A look at how Pandora came to be

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A model for Pandora from the D23 Expo in 2015. Photo courtesy of Sam Howzit on Flickr.

Pandora in Animal Kingdom has been a long time coming. And it’s still not here. But Disney Parks and Resorts chairman Bob Chapek officially announced at the D23 club’s Destination D presentation in November that it’ll be open in summer 2017. Along with that announcement came the reveal of some of the area’s restaurants and shops, like Satu’li Canteen, the area’s main restaurant, and Windtraders, a shop featuring Navi cultural items.

The introduction of Pandora-the World of Avatar to the Disney Parks begs the question of whether or not “Avatar” is owned by Disney now. Star Wars Land in Hollywood Studios was only created because Disney bought the rights to “Star Wars.” But “Avatar” is actually still it’s own entity and owned by a company that, for all intents and purposes, should not be working with Disney.

In 2011, James Cameron announced that he’d reached a deal with the Disney company to give them the licensing rights to “Avatar” to build theme park attractions. He imagined that Imagineering could “run wild” with his story, which was exactly what he wanted. He wanted the world of Avatar to become a fully immersive.

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The construction site of Pandora, including one of the floating mountains. Photo courtesy of Theme Park Tourist on Flickr.

Previously, Cameron had actually been a friend to Disney’s greatest rival in the theme park industry, Universal Studios. Universal has the licensing rights to his “Terminator” series and they were actually in talks to sell Universal the licensing rights to “Avatar” as well, before Disney snatched it up. Considering Disney lost out on the rights to “Harry Potter,” they really needed this win.

But it wasn’t all Cameron’s decision to make the deal because he alone does not have the rights to the film. The film series is financed and distributed by 20th Century Fox. Just two years earlier in 2009, Fox wasn’t too thrilled with Disney. In that year, Disney surprised everyone by buying Marvel and creating a rather confusing web. Sony already had “Spiderman” so Disney couldn’t have that. But Fox had the “X-Men” which meant that Disney also couldn’t have that, even though they sort of included two X-Men characters when they added Scarlet Witch and Quicksilver to their Marvel Universe movies, in the same year that Fox added the twins to their X-Men movie series. The problem with one company owning one series of characters and another company owning another series of characters is that anyone who has ever read a Marvel comic book can tell you that there’s a lot of overlap. Even more convoluted is that Marvel has deals with Universal, allowing the X-Men stay in their parks, as well as several characters that are technically owned by Disney, which now includes Spiderman.

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One of the X-Men characters, Wolverine, who can be seen on Marvel Superhero Island in Universal Studios. Photo courtesy of Rodrigo Azevedo on Flickr.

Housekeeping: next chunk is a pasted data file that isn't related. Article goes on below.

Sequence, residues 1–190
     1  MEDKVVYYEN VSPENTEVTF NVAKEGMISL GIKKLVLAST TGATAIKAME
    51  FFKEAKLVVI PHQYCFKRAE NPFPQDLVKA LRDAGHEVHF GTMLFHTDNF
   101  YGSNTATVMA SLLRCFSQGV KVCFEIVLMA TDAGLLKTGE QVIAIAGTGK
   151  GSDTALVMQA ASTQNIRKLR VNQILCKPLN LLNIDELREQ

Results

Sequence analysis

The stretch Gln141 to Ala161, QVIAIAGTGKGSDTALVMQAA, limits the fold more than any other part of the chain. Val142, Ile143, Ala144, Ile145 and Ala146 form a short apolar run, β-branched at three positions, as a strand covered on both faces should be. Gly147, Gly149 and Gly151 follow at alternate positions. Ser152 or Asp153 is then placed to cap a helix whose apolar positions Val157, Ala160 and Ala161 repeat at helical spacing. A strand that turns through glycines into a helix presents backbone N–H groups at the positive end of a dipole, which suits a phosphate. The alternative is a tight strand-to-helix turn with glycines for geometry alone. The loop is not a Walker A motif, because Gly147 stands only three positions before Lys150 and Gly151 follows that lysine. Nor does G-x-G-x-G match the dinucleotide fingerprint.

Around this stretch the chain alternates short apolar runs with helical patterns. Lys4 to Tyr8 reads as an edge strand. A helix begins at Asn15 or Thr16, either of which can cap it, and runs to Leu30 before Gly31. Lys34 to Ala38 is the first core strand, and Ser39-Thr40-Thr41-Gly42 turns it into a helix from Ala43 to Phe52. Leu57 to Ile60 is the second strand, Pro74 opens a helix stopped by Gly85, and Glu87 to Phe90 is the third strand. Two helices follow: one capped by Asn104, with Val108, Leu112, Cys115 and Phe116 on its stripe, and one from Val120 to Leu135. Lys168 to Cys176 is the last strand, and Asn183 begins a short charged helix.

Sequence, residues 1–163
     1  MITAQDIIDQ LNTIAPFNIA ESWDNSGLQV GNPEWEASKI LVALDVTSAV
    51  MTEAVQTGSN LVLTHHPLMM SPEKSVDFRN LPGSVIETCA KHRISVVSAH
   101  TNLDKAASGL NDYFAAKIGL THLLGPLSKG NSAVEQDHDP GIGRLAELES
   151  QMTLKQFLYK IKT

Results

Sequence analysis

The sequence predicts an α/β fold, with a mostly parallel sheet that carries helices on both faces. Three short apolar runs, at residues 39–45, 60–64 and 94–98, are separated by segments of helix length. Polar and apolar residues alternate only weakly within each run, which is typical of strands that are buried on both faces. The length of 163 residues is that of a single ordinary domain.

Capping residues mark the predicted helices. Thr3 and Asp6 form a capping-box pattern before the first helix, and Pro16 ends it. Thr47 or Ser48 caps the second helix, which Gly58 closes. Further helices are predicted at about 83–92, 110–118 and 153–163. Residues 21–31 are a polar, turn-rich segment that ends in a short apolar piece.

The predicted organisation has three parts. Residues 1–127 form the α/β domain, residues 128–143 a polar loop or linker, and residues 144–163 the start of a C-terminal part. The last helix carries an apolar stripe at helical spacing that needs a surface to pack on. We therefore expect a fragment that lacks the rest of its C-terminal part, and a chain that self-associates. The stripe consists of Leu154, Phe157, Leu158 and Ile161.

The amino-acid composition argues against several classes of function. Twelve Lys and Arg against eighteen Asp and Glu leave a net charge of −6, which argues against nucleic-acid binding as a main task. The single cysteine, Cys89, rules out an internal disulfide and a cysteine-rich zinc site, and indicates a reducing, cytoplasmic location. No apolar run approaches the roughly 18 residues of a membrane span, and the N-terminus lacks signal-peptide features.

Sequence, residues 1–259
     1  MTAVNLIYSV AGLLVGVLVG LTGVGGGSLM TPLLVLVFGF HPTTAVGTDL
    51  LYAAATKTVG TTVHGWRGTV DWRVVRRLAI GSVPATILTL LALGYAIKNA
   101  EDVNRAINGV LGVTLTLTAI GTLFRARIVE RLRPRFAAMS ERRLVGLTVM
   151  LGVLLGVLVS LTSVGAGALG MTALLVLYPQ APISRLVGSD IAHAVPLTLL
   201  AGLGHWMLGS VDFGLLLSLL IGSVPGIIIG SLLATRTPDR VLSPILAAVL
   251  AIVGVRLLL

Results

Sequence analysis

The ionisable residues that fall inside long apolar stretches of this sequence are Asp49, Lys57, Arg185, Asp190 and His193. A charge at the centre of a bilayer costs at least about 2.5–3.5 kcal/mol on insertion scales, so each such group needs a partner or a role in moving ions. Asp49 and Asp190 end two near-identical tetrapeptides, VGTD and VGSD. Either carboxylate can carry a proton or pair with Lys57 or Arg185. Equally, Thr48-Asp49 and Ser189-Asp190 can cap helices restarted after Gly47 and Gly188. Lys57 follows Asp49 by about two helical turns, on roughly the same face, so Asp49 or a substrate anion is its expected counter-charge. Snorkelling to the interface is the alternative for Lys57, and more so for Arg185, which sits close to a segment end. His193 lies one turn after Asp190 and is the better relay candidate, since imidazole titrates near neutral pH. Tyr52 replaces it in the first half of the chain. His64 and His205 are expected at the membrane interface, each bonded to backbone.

The strange thing about big companies like Disney, Sony, or 20th Century Fox is that they all appear to be enemies and then end up signing a lot of deals together. Whether Fox was bitter or not is hard to say, but they did look at Pandora as a major deal for them and one that has formed, so far, a five year relationship of working with the films and the theme park. Disney broke ground in 2013, with the intention of completing Pandora by 2016. Of course, that didn’t happen. Which cause a bit of a commotion as to when the best time would be to release the next films in the “Avatar” series. Initially, the sequels were set for 2014 and 2015, but that causes concern. Would the audience by done with “Avatar” when the series was over and lose interest in the park before it even opened? Instead, the sequel dates were pushed back again and again. The supposed release days are now 2018 and 2020. Ironically enough, Disney might lose out to itself if Fox releases “Avatar 2” in December 2018, as expected, since “Star Wars Episode VIII” is set for release the same month. Disney is counting on there to be a big audience for “Avatar 2” so they’ll have a big audience to go to Pandora. But “Star Wars” is likely to be the biggest hit of that month.

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A Na’vi figure revealed at the D23 Expo in 2015. Photo courtesy of Sam Howzit on Flickr.

“Avatar 3” is also no longer the end of it. Fox announced that the series wouldn’t stop there anymore. We can expect “Avatar 4” and “Avatar 5.”

I don’t know about you but I’m a little “Avatar”-ed out. Disney and Fox may have made a couple of miscalculations by pushing the released dates back further and further and adding more titles. Still, maybe with the release of Pandora coming up, it’ll renew the love for the series and create more fervor for the series.

Are you excited for Pandora or are you just ready for “Avatar” to be over? Let us know in the comments!

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3 thoughts on “A look at how Pandora came to be

  1. I am sure Disney will do a great job with Avatar land, but I really don’t get that being part of Animal Kingdom. I always loved the theming there as it was. Animals, Lion King, Nemo, all made sense to me! and we love the safari, not sure how Avatar belongs there.

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    • I definitely agree. I understand them looking at it as a replacement for the Beastly Kingdom that never was, but, as Animal Kingdom is today, I’m not completely convinced that Avatar fits.

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  2. Pingback: A Pandora Update | Reimagining the Imagineers

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